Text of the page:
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Size and Scale Matter in L.A.

An exhibition at the Architecture and Design Museum riffs off of S, M, L, XL by Bruce Mau and Rem Koolhaas and explores the ways in which Los Angeles has nurtured design at all scales, from tiny to enormous.

By Honora Shea
July 22, 2014
Photo © Jonathan Louie
Cut Bend Fold Score, by Jonathan Louie, uses postcard sized models to reconfigure the forms found in S, M, L, XL.


Come In! S,M,L,XLA is the Los Angeles Architecture and Design Museum's new exhibition of work by young, local design practitioners. Devoted to “spatial interventions reflecting on the inquiry of scale," the group show (through August 31) takes inspiration from the dense Rem Koolhaas and Bruce Mau tome S, M, L, XL by presenting 21 projects in an equally dense, multi-faceted assemblage.

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Many projects use modularity to explore flexibility at varying scales. Non Box by Miao Miao and Scott Franklin, is an inhabitable pavilion, featuring interchangeable walls, ceilings, and floors, as well as a moveable system of acrylic bars strung with LED lights and colored cords. The instinct to play with one’s surroundings is mirrored with F.A.N. by Filipa Valente—a cubic frame is fitted with tensioned pieces of fabric, at a size that could easily be manipulated to achieve various aesthetic and sculptural effects.

Laurel Consuelo Broughton of design firm Welcome Projects offered a whimsical take on modeling scale and the city with Retrospective City, a collection of household and decorative objects arranged on a checkerboard. She asks viewers to imagine that objects such as a lobster-shaped telephone, an electric mixer, and a wine bottle in a violin case "have been transformed into functional building types as suggested by their forms," according to a description.

The most interesting work in the show reminds visitors that scale is as much a social element as a physical one. Fieldwork’s Open Door maps an underground network of gay-friendly meeting places in downtown Los Angeles, and the associated gay experience, between the 1920s and 1960s. The project sheds light on a marginalized community, revealing it as both hidden phenomenon and integral to the city’s history. That its grand, if hidden, scale is little known challenges the ways in which we perceive the city.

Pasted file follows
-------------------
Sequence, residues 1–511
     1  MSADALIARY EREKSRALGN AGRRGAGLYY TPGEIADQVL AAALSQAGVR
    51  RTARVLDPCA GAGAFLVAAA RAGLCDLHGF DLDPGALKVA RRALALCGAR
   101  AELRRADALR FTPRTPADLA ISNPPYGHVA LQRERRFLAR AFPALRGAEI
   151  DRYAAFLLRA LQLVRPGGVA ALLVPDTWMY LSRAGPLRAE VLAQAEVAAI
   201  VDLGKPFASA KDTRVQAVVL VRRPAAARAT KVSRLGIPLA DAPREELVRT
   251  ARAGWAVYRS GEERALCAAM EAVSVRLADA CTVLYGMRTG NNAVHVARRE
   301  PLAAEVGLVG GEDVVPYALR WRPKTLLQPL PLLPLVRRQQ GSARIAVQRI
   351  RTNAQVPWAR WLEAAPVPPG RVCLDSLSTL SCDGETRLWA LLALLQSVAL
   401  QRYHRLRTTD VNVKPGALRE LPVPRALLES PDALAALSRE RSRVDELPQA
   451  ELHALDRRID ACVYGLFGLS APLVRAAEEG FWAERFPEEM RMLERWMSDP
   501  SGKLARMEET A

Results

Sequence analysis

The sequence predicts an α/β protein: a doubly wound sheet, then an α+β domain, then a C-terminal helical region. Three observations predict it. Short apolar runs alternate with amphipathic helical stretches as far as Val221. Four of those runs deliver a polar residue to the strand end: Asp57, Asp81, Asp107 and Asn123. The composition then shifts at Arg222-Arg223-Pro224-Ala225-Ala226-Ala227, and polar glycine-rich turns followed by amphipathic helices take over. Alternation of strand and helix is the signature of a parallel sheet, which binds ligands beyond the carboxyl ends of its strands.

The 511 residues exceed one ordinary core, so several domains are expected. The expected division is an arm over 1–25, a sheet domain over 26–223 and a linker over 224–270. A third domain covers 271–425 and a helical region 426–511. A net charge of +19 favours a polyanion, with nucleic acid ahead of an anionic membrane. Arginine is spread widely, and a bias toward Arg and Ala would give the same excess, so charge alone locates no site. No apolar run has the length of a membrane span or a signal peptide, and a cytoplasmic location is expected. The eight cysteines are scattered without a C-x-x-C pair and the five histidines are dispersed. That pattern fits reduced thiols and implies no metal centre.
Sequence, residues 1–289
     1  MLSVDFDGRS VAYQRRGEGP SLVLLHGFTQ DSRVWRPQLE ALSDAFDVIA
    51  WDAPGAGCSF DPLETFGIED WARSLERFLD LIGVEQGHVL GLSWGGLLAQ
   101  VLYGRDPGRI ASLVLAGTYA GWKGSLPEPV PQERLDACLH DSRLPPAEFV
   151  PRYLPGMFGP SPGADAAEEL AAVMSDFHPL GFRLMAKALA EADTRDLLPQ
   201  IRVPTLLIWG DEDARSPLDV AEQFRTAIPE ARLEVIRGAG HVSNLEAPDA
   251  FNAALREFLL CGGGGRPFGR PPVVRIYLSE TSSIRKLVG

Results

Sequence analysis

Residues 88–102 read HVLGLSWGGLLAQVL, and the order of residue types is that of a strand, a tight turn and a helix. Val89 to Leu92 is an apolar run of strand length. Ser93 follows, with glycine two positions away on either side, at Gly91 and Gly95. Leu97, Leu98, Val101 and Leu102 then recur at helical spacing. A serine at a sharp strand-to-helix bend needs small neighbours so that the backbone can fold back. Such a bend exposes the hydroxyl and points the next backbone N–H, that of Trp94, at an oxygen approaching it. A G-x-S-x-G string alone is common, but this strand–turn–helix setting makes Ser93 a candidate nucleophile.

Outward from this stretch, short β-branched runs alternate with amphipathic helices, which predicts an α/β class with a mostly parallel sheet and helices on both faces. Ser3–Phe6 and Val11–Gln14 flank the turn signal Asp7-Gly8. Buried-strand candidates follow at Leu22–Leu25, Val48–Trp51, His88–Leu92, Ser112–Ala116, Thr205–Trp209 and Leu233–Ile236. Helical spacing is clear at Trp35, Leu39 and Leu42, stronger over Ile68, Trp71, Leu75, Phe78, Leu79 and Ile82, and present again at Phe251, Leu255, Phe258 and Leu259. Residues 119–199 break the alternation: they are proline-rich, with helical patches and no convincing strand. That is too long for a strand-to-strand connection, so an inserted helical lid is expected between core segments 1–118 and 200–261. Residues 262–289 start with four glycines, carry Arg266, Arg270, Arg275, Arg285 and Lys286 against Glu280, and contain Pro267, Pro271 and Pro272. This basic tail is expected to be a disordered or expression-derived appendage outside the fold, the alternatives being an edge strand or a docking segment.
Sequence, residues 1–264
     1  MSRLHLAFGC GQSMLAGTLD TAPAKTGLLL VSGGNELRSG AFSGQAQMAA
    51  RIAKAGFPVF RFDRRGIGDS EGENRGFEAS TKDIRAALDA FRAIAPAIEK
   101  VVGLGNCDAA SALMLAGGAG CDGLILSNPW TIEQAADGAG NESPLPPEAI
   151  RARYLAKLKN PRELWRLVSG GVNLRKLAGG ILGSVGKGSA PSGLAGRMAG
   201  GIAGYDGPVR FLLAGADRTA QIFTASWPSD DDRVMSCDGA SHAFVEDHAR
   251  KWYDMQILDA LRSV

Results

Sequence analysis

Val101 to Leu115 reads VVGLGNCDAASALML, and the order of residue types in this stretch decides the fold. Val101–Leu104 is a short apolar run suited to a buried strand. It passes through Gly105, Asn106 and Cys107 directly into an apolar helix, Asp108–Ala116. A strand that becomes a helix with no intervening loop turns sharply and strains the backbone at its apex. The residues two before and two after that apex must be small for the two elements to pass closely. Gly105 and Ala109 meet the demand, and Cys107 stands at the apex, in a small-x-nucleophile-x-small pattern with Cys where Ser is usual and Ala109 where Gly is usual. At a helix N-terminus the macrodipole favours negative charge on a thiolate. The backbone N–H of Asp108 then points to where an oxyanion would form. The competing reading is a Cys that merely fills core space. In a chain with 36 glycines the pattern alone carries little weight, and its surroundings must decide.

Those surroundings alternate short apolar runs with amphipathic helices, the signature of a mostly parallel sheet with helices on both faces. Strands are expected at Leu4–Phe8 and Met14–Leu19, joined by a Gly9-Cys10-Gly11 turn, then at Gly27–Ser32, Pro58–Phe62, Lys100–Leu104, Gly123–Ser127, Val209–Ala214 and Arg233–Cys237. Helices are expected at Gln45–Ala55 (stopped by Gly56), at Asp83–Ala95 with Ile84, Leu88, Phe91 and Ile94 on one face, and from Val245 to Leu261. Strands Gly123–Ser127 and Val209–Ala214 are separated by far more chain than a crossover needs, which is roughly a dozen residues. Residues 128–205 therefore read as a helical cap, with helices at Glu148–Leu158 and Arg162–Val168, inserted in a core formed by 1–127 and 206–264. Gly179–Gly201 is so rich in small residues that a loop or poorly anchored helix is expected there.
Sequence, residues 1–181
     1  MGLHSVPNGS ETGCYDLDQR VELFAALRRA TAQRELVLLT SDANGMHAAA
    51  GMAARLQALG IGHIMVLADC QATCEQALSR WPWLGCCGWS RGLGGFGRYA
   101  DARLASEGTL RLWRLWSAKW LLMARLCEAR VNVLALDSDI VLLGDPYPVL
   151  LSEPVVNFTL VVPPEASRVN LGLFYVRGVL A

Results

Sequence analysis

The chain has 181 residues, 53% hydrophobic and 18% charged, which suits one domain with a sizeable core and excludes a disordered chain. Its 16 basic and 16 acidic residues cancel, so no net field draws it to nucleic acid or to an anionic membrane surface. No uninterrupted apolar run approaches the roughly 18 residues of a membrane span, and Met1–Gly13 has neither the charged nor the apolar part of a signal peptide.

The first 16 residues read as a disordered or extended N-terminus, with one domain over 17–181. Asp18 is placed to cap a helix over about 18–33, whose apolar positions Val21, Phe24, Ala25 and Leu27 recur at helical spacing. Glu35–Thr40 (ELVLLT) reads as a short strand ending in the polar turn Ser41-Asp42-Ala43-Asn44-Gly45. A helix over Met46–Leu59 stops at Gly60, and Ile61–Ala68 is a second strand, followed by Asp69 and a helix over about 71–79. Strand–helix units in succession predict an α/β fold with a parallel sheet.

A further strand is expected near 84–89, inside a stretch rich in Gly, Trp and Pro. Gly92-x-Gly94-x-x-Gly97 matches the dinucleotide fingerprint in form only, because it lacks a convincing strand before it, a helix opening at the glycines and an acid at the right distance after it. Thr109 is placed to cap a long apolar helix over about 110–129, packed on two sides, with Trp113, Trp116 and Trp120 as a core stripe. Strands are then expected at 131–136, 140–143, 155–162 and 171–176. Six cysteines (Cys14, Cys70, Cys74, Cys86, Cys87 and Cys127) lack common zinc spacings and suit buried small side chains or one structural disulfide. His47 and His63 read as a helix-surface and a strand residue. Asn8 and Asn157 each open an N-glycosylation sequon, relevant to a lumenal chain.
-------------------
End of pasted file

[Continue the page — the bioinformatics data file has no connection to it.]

Only two projects addressed Koolhaas’s and Mau’s content directly. In Cut Bend Fold Score, Jonathan Louie and his team (Bhumi Patel, Sara Martin, and Andrew Parnas) dissect and magnify some of Koolhaas's oeuvre featured in the book. The result is a series of oversized postcards, printed with instructions on how to cut and fold them into 3D models of these particular fragments. James Michael Tate’s Bookworm literally cut into the famous text by displaying a copy of the book with chunks of words cut out of the middle.

While the book may represent impenetrable scale, Come In! does not. The exhibition poses some abstract ideas about the future of modern life, but it also negates the usual view of a sprawling Los Angeles, instead showcasing the city's ever increasing diversity of size and form, and the designers working within it.

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